This post was written by the Hillsong Collective team and I thought I would share this on here:
For some of us, we have been entrusted with one of the most awe -inspiring, terrifying, and rewarding roles within our local churches… that of leading a creative team (or worship team, praise team, creative praise team, whatever you want to call it). This is an incredible privilege, but one for which there is no instruction manual, and a whole lot of variables… which has the potential to frustrate and limit our effectiveness as leaders.
Every person matters:
Of course, right? We all know this. But does your leadership show it? Do you have time for everyone, or only for that really good vocalist you’re trying to develop? What about the older person in your choir who’s voice is never going to be fantastic but they love singing and worshipping and being part of the team… Do you value them just as much? You should. Your team is called a team because its a TEAM. Every contribution matters, regardless of how prominent it is. Once your team is a closed loop, with no way in, there’s no room for growth. And a lot of this depends on your leadership. So, check yourself this weekend, and see where you spend your Sunday. Really, your team can only grow to the extent you value those least prominent in your team.
Build your culture with purpose:
Its important to be deliberate about the culture you build within your team. And if you don’t dictate the atmosphere, someone else will, and it may be a long way form what you were hoping. What are your church’s core values? What does your senior pastor want the church to be like? What qualities do you want your team to carry? If you can’t answer those questions, stop reading this and go figure out the answers. Our team is one typified by servanthood, a sense of family and community, and serving the Lord with gladness. Our people have a real strong respect for the platform and each other, and that is something we have been deliberate about in our speech and communication to our team. Our leaders carry that heart, and the trickle down effect is obvious within our team. What’s the culture of your team like? What are you building in them?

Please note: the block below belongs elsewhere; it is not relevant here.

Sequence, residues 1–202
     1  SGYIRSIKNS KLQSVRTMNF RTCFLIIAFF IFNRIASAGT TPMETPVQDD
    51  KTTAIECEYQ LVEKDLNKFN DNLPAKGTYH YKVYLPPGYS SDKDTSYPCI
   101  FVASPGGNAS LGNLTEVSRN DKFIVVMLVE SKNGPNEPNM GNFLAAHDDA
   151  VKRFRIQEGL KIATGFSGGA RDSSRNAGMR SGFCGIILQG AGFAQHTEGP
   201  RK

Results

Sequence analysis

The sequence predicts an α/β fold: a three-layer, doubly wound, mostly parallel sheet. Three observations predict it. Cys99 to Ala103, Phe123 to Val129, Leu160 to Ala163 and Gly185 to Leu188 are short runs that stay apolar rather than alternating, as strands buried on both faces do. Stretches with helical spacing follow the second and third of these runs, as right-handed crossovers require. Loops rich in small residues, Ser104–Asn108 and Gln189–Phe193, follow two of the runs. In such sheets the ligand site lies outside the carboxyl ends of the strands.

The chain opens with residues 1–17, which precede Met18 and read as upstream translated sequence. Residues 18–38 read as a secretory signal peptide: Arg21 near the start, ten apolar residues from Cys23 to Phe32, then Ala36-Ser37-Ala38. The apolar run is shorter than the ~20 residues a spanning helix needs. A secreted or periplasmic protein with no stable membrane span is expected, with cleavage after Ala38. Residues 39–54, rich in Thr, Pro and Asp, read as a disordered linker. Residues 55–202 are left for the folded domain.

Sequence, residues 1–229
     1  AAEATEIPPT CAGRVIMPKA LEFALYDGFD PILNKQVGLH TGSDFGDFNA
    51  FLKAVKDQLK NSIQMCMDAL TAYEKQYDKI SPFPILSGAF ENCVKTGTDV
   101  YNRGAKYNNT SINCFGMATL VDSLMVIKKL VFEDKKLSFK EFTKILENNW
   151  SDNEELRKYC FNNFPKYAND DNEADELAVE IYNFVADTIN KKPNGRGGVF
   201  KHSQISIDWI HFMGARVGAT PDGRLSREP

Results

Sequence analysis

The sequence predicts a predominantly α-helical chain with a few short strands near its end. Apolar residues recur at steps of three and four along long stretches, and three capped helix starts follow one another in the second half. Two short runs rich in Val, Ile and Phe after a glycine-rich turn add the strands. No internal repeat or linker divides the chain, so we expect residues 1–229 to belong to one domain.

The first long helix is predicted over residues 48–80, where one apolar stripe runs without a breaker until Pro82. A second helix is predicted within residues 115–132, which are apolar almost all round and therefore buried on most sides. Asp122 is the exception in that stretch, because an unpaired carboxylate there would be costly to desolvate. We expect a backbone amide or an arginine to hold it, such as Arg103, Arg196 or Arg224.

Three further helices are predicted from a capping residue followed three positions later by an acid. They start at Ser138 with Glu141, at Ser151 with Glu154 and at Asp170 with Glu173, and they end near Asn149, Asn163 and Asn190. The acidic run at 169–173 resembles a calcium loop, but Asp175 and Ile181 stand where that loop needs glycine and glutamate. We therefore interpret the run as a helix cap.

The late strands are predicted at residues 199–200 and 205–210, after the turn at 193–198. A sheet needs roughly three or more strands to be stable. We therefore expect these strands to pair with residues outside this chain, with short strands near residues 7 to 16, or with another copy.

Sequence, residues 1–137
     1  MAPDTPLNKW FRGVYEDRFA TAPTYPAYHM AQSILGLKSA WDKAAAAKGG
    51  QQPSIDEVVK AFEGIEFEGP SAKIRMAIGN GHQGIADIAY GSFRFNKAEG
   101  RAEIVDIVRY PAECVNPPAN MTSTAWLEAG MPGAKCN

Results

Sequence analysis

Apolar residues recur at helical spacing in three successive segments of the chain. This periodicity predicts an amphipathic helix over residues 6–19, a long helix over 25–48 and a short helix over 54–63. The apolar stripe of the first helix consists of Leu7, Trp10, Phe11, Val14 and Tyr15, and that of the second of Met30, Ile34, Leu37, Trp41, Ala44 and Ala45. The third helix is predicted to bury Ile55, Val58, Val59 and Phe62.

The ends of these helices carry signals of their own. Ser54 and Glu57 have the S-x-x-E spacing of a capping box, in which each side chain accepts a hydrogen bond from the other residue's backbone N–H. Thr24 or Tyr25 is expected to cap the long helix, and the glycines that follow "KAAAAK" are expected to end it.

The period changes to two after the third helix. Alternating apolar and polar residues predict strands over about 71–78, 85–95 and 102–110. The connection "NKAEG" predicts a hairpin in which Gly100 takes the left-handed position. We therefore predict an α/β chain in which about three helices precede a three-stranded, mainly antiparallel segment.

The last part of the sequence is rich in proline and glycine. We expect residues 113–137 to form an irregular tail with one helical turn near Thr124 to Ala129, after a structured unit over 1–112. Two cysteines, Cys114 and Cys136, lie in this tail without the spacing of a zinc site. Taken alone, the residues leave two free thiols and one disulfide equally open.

Put attitude above talent:
This is so critical, but something us leadership types can often overlook. Being brutally honest, you are better off having an average piano player who is committed to your church and team, rather than the full time professional player who thinks he is above the rest of the team and continually bucks against your direction and leadership. That kind of attitude can ruin morale within a team, and doesn’t help build your team in the long run. Confrontation is rarely fun, but its an important part of leadership (another post for another time). Trust me… build with the people who have your team’s best interests at heart; that will give you a healthy team, one people want to be involved with.
Do it for your church:
One of the biggest traps leaders can fall into is trying to replicate a successful model that just doesn’t work for them. Its all good and well to go to Hillsong Conference and decide to do an item with a string orchestra and singers sitting on the moon, but if you meet in a scout hall and have a worship team comprised of an accordion, upright piano and trombone, and the pastor’s kid on drums, it’s just not going to happen. Embrace that. Appropriate what you see from other churches to your own congregation. As cool as Israel Houghton is, your church might be predominantly retirees who won’t find it easy to connect with ‘Say So’. Work with your church’s leadership to find what you can do that will be a blessing to your church community; don’t get caught in the trap of imitating something else.
There’s so much we could talk about on this topic of leadership. What about you? What have you learnt in your time leading a team? What’s one thing you think every team leader should know?